Weinstein Co. hits NBC, CW over 'Shut Up' ad


The Weinstein Co. has blasted NBC and CW Network for refusing to accept a commercial spot for its new documentary "Dixie Chicks: Shut Up and Sing," about the political firestorm stirred up in 2003 when the Dixie Chicks criticized President Bush during a performance in London.

In a press release issued late Thursday, the Weinstein Co. said that NBC had rejected a spot for the docu, which opens today in New York and Los Angeles, because the spot included material that "disparages President Bush." The Weinstein Co. distributed documents that appeared to be from NBC's advertising standards division rejecting the spots and with the handwritten remarks about President Bush.

NBC executives could not be reached for comment late Thursday. CW Network reps criticized the Weinstein Co. for what the network said was a distortion of the situation. The Weinstein Co. distributed a document from CW that referred to "concerns (that) we do not have appropriate programming in which to schedule this spot." A CW spokesman said the network had been in conversations with the Weinstein Co. about taking the spot, but those talks never progressed beyond where on the CW schedule the spot would run.

"The release is flat-out inaccurate," CW spokesman Paul McGuire said. "The whole matter is rather a mystery to us."

According to a source, the spot has been cleared for broadcast on CBS, MTV and on local NBC, CW, ABC and Fox affiliates in New York and Los Angeles, as well as on local cable systems, including local spots on Fox News and CNN. The commercial, posted at www.shutupandpost.com, features footage of Dixie Chicks singer Natalie Maines making the comment that the band is "ashamed that the president of the United States is from Texas" as well as footage of Bush reacting to the controversy and scenes of anti-Dixie Chicks protests that erupted after Maines' comment was publicized.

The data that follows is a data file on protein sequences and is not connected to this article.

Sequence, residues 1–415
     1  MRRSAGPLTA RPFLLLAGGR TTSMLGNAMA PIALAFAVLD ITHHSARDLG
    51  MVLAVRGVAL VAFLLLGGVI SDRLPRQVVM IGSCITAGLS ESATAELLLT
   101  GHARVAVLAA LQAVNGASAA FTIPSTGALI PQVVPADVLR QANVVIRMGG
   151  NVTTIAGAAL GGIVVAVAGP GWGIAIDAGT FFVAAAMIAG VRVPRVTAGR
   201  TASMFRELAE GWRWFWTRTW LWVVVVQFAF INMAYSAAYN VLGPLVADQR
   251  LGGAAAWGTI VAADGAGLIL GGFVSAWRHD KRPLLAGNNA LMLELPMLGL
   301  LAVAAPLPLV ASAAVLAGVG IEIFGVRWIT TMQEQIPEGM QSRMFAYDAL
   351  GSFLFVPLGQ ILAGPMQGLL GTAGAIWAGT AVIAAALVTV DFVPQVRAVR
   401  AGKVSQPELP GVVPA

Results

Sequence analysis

"It's a sad commentary about the level of fear in our society that a movie about a group of courageous entertainers who were blacklisted for exercising their right of free speech is now itself being blacklisted by corporate America," Harvey Weinstein, co-chairman of the Weinstein Co., said in a statement. "The idea that anyone should be penalized for criticizing the president is sad and profoundly un-American."

The Weinstein Co. release went so far as to include a comment from famed litigator David Boies criticizing NBC and CW.

"Political criticism is at the heart of the First Amendment," Boies said. "The legal issues are complicated. The policy is not. The public deserves to hear more than the official point of view."

"Shut Up" isn't the only new movie to generate controversy with its TV and radio marketing campaign. Earlier this week, CNN and National Public Radio refused ads for Newmarket's "Death of a President, which portrays the fictional assassination of President Bush.